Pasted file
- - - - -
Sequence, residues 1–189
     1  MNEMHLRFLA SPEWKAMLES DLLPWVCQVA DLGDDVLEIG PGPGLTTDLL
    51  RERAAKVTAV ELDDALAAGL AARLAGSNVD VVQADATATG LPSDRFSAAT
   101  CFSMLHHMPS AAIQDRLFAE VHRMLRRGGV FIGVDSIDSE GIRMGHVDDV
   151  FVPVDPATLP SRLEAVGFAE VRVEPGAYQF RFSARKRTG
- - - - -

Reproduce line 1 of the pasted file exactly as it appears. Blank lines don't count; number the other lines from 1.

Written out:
Sequence, residues 1–189